The King and Queen were taught that the spicy foods of their land ‘were not appropriate for an office environment’. In time they became ashamed of their spice. Eventually, so great was their fear of appearing different that they only infrequently ate their spicy food and definitely not on the nights of their ballroom dancing lessons, fearing that the ghosts would smell it on them as they danced.


So great was their indoctrination into the ghost culture that they soon embraced the colourless and tasteless food of the ghosts. Despite their efforts, the King and Queen faced frequent, subtle insults and colossal unfairness. Even though the King worked in the government, which was supposed to be endorsing equality efforts, one of the King’s bosses proclaimed that he was “going to get all of the Pakis out of the government” and looked meaningfully at the King, not caring that he was not a ‘Paki’, seeing only skin kissed by the sun.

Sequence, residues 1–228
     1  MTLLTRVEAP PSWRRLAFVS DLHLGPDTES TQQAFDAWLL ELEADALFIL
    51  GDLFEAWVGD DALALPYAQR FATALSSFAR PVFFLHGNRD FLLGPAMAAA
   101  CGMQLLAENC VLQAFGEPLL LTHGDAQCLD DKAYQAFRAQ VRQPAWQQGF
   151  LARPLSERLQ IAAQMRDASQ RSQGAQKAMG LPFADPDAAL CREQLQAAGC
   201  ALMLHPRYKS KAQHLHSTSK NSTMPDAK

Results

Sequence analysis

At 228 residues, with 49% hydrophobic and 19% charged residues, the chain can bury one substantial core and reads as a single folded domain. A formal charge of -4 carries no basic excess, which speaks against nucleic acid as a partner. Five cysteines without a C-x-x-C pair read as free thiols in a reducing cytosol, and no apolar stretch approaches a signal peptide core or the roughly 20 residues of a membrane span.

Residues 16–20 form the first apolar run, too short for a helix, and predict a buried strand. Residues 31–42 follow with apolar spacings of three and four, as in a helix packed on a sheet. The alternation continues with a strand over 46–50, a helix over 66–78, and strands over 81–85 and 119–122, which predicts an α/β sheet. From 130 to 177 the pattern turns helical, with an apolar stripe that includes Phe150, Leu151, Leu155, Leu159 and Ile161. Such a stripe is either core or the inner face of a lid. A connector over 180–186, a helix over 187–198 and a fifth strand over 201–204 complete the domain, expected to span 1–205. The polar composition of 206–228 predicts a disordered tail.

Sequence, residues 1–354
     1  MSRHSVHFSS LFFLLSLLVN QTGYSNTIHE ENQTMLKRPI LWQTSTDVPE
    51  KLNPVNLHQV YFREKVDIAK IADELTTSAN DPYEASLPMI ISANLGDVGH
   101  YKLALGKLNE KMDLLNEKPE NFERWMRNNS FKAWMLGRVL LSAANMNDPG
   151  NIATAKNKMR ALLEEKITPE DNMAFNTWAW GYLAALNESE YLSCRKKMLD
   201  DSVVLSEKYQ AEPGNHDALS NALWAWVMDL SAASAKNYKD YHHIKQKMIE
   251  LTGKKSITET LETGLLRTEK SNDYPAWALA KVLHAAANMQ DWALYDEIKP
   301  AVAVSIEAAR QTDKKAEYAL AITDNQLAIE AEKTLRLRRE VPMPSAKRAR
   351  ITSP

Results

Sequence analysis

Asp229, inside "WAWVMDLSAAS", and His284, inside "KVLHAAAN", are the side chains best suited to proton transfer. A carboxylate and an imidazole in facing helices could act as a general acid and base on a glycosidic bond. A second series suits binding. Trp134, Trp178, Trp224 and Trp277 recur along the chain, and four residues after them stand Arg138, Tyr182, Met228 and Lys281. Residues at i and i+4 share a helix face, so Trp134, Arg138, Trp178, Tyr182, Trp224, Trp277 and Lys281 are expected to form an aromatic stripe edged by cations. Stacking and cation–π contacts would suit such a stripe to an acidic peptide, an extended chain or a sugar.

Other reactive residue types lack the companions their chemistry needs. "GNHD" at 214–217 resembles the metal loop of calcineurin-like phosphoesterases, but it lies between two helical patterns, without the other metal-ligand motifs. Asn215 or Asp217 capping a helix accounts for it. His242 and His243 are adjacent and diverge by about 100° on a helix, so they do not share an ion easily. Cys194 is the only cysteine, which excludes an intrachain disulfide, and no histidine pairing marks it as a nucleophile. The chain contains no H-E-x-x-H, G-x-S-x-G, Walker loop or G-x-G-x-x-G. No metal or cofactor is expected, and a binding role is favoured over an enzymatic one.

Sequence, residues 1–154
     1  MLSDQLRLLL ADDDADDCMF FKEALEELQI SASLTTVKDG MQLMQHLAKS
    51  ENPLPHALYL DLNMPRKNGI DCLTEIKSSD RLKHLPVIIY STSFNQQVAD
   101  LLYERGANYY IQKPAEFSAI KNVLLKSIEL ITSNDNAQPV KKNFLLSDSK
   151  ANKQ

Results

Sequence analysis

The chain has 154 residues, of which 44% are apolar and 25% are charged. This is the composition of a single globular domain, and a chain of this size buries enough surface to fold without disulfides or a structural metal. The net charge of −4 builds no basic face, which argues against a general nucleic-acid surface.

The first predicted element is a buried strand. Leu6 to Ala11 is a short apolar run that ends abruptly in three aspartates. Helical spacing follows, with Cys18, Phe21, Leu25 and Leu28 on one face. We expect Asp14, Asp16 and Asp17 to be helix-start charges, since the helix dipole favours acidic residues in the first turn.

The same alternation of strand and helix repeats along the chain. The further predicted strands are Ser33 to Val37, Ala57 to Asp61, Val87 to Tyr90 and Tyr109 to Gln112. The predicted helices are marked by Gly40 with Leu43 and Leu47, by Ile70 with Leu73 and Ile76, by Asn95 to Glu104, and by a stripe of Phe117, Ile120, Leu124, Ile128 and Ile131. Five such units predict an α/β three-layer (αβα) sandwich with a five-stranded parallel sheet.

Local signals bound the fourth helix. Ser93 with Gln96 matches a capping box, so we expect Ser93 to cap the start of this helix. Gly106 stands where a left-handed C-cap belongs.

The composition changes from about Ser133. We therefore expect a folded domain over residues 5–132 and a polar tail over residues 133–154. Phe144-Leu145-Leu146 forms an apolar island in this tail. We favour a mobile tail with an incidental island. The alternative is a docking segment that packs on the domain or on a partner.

The King and Queen tried to inspire their daughter to achieve top marks in school, because if she was only equal to the ghosts and was competing with a ghost for a job, why should the ghost people hire her? This refrain was repeated so often in her childhood that the warrior-princess began to regard it as a prophesy.


The constant insignificance with which the King and Queen were viewed took its toll. The King became enchanted with and enslaved by drink and the Queen took her frustrations out on the warrior-princess. Perhaps the Queen intended to toughen our warrior-princess against the ways of the world, but she instead reinforced our heroine’s deepest insecurities with her cruelty.